Facebook reported last week it now has over a billion users. Is the company now overstepping its boundaries with its new tactics?
According to a report on TechRadar.com, the organization has been shown to scan old posts and likes, sometimes of a private nature, in order to "Like" things on a user's behalf.
Users have reported "proved" that its been occuring, with one even placing a video of the action on YouTube. The video has since been removed from the popular video-posting website.
According to Gizmodo.com, employees proved that the likes do increase, but they say a Facebook spokesman said it is only to bump up an items likes, and that it won't per se show you, the user, liked it.
"Although messaging will auto-increase a page or link's Like count, it won't publicly associate you with that Like. In other words, your identity won't be exposed," Facebook reps said to Gizmodo.
Below is the statement made by a Facebook representative to TechRadar:
"Absolutely no private information has been exposed," the spokesperson said via email. "Each time a person Shares a URL to Facebook, including through messages, the number of Shares displayed on the social plugin for that website increases.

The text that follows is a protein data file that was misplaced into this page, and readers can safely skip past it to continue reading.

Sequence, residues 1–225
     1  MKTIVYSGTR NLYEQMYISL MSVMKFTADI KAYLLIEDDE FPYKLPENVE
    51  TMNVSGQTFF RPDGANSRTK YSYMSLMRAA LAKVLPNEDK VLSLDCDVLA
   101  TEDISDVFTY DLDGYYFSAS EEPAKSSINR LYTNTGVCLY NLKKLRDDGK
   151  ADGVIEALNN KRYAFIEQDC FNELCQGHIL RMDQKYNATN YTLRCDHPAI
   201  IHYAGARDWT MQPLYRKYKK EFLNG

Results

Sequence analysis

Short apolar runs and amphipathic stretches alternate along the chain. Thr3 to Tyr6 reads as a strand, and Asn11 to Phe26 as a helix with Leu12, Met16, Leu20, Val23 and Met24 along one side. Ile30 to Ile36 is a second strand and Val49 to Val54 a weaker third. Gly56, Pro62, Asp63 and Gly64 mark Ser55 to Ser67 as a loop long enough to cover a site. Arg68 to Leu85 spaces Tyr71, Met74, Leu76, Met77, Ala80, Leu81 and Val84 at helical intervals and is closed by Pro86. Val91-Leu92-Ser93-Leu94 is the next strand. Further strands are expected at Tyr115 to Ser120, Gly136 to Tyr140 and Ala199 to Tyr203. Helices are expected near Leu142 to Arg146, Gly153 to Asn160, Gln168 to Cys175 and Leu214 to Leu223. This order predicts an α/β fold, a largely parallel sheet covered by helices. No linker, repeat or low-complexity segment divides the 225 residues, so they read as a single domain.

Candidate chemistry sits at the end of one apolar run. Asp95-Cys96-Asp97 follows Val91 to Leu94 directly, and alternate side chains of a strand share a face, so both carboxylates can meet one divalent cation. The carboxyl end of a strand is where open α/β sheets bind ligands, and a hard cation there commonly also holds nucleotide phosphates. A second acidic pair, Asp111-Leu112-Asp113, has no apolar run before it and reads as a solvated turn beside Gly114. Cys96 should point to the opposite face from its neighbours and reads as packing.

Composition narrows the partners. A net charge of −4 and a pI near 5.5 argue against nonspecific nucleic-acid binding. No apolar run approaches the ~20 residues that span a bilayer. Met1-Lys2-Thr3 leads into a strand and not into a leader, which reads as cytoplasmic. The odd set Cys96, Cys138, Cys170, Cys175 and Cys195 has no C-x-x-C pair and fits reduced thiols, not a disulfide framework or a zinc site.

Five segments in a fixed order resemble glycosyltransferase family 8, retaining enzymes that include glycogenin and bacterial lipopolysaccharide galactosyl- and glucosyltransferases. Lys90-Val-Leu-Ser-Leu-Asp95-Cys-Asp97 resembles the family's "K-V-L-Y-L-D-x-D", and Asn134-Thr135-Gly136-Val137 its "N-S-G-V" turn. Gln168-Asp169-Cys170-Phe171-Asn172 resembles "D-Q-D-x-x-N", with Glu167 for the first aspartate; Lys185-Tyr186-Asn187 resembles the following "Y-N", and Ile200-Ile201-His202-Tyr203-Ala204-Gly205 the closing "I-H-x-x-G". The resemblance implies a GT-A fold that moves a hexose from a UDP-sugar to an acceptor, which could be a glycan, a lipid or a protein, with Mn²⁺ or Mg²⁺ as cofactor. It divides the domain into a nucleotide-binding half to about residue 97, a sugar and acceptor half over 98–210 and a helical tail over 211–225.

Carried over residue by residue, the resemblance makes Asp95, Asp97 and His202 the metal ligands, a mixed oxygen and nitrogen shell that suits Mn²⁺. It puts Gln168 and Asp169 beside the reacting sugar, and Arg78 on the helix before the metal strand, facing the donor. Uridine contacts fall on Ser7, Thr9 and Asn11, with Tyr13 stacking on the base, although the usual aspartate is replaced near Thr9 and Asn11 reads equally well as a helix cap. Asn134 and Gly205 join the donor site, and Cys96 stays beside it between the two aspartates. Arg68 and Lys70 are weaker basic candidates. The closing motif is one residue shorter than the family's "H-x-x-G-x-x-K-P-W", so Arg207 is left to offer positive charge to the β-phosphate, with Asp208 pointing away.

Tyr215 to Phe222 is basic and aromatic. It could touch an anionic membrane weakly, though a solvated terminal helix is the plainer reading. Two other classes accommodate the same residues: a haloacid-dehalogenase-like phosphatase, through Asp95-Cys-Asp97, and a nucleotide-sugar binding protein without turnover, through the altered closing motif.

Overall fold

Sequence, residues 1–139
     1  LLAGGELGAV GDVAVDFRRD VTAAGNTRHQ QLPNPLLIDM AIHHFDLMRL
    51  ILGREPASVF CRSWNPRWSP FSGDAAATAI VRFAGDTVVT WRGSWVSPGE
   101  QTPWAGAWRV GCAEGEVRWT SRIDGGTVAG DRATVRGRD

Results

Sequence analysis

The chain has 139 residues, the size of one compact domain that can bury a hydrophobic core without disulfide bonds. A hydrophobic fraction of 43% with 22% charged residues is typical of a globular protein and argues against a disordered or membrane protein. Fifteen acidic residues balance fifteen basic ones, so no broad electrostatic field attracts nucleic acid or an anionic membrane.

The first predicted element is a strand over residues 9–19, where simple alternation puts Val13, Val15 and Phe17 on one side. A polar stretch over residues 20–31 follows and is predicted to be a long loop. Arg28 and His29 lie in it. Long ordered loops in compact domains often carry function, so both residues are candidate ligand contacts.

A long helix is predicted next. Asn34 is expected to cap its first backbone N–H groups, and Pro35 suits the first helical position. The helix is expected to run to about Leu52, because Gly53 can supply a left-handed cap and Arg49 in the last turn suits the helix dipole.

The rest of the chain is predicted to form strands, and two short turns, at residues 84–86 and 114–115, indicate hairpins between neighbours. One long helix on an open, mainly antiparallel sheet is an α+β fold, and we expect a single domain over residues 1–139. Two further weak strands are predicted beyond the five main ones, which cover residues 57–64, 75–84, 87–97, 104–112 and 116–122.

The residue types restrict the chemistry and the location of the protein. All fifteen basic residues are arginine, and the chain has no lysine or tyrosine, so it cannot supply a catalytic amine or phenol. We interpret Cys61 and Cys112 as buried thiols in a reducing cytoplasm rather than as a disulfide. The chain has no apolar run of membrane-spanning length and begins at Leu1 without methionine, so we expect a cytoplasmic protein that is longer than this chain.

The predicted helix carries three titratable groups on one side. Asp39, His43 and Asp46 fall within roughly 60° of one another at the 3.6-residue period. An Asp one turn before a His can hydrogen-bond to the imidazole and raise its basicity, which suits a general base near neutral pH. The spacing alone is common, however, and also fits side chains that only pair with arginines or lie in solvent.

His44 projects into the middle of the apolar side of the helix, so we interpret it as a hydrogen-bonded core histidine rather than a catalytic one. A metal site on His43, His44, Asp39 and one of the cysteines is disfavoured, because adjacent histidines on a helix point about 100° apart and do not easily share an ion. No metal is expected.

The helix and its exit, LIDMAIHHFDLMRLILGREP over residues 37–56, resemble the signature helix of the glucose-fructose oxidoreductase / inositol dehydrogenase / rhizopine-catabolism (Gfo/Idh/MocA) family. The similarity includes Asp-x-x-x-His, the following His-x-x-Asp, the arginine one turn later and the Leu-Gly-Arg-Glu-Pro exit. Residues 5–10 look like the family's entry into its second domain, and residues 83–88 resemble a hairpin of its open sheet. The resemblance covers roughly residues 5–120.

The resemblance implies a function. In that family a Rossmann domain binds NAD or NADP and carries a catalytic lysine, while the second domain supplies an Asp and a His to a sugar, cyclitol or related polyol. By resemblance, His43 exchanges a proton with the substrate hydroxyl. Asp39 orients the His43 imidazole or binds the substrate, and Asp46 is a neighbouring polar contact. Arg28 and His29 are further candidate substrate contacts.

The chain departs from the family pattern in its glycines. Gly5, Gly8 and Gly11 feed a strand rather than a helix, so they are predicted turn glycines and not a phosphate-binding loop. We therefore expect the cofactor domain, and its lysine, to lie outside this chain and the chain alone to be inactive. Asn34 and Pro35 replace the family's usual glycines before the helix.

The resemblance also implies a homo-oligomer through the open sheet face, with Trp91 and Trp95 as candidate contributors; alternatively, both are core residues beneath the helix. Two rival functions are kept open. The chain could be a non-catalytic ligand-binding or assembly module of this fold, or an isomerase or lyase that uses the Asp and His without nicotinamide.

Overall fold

"Our systems parse the URL being shared in order to render the appropriate preview, and to also ensure that the message is not spam.
"These counts do not affect the privacy settings of content, and URLs shared through private messages are not attributed publicly with user profiles."
Facebook was also in the news this week for its first advertisement. The ad included only one video, which compared the social media company to a "chair" amongst other inanimate objects that bring communities together.
What do you think? Is this artificially bumping up a URL's "Likes" or is Facebook using its system to invade its users' privacy? Tell us below what you think.